During this entire GWOT, most of our Muslim leaders were also complicit in facilitating the U.S. and its allies for the fear of losing power and/or the threat of being carpet-bombed like Afghanistan for non-compliance.  It’s just despicable that hardly any Muslim leader during this period stood up for Muslims and spoke out against Islamophobia.  The least they could have done was to use their voice and speak up, no one is advocating to declare war on the West. Bravo to our current Prime Minister Imran Khan for being publicly vociferous opposing insulting our Holy Prophet Muhammad (SAW) as freedom of speech and expression and Islamophobia.

If we take a final scorecard of the Global War on Terror, on the surface, the US and its allies can claim victory as they eliminated Osama bin Laden (OBL) and Al Qaeda but it came with a heavy price, $21 trillion, and nearly one million deaths.  Moreover, the evil genius of OBL goaded the West to fight him and Al Qaeda on their wicket in Afghanistan as they couldn’t invade the US. It appears that OBL knew something about the psyche of the American leadership and people that they would invade other countries and start a costly full-fledged war. The 9/11 attacks resulted in the political leadership of most Western countries destroying their democracies in the name of homeland security by passing draconian laws like the PATRIOT Act to limit civil liberties.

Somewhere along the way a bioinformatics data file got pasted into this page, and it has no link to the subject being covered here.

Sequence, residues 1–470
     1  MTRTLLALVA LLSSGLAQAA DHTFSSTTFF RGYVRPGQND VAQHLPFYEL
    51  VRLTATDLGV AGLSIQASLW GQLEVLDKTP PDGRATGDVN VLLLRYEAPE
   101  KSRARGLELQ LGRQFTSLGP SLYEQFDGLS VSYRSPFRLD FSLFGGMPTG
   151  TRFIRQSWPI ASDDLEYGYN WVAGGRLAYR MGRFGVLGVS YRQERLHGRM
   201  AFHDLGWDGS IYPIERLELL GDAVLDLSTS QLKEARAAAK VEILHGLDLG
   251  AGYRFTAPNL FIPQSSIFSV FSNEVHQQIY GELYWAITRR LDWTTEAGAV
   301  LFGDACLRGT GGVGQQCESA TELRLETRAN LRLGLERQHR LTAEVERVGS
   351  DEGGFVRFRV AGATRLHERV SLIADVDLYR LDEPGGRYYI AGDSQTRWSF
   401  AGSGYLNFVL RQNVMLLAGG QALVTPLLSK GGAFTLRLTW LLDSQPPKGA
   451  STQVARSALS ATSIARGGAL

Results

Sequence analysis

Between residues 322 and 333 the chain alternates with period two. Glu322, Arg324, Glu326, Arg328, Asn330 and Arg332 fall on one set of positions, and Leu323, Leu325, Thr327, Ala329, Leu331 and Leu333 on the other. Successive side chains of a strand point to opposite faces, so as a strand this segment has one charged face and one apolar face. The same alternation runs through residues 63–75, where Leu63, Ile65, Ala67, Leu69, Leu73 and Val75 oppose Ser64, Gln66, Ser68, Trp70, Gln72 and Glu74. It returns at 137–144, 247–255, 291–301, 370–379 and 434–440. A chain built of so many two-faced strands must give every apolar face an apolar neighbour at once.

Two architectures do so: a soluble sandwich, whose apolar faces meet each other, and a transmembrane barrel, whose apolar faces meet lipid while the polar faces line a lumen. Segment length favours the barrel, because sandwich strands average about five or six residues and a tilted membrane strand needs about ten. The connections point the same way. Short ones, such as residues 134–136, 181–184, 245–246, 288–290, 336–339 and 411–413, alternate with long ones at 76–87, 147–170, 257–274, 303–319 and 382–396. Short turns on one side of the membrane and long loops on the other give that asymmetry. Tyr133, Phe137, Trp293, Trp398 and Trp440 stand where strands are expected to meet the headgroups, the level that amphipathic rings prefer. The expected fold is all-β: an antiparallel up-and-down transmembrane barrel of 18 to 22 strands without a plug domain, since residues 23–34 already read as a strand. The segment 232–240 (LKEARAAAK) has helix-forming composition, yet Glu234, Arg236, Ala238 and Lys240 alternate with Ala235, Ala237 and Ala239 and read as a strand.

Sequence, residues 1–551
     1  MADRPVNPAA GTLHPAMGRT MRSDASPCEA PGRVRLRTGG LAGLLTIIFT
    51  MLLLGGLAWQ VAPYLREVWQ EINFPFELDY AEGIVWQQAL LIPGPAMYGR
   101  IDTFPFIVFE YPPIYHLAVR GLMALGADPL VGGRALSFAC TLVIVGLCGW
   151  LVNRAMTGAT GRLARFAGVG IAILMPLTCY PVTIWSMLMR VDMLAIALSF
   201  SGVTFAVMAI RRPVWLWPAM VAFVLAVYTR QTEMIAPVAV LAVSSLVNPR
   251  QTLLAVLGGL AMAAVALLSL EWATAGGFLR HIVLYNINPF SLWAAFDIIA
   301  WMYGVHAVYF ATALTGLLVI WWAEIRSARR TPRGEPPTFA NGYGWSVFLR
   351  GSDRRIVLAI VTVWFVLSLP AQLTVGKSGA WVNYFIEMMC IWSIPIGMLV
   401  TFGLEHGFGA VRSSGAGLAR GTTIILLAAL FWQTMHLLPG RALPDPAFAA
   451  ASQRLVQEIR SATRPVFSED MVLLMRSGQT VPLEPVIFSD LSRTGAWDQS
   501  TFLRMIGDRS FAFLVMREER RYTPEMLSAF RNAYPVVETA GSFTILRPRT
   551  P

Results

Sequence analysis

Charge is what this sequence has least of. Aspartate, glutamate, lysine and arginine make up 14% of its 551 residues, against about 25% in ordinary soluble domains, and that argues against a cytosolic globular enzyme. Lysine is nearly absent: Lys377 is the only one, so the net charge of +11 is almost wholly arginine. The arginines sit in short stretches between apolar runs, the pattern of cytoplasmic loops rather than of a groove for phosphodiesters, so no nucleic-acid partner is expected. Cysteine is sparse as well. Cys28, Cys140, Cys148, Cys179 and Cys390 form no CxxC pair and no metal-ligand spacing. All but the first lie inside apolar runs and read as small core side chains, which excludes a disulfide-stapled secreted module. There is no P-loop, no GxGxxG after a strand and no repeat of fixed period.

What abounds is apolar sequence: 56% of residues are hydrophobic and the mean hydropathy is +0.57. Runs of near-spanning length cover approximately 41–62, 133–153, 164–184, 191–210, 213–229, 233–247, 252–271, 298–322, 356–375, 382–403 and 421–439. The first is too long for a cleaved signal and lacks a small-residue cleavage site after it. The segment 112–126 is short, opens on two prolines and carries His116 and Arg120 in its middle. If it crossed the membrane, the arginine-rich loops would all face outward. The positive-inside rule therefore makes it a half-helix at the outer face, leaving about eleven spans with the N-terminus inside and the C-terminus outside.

The release of the Afghanistan Papers by the Washington Post in December 2019 should be a huge revelation for the American people regarding how they were deceived for twenty years by their government and military. This level of dishonesty by elected leaders usually results in a deep mistrust in democracy as the late American Senator Edward Kennedy said, “Integrity is the lifeblood of democracy. Deceit is a poison in its veins.”

I believe the 9/11 attacks teach us to be more critical and vigilant of our political and military leadership whenever they want to engage in military adventures.  Also, humanity needs to do a better job in terms of creating understanding and harmony amongst us and to ensure justice exists for everyone not for a small segment of people. In the words of the great American Muslim Malcolm X, “We need more light about each other. Light creates understanding, understanding creates love, love creates patience, and patience creates unity.”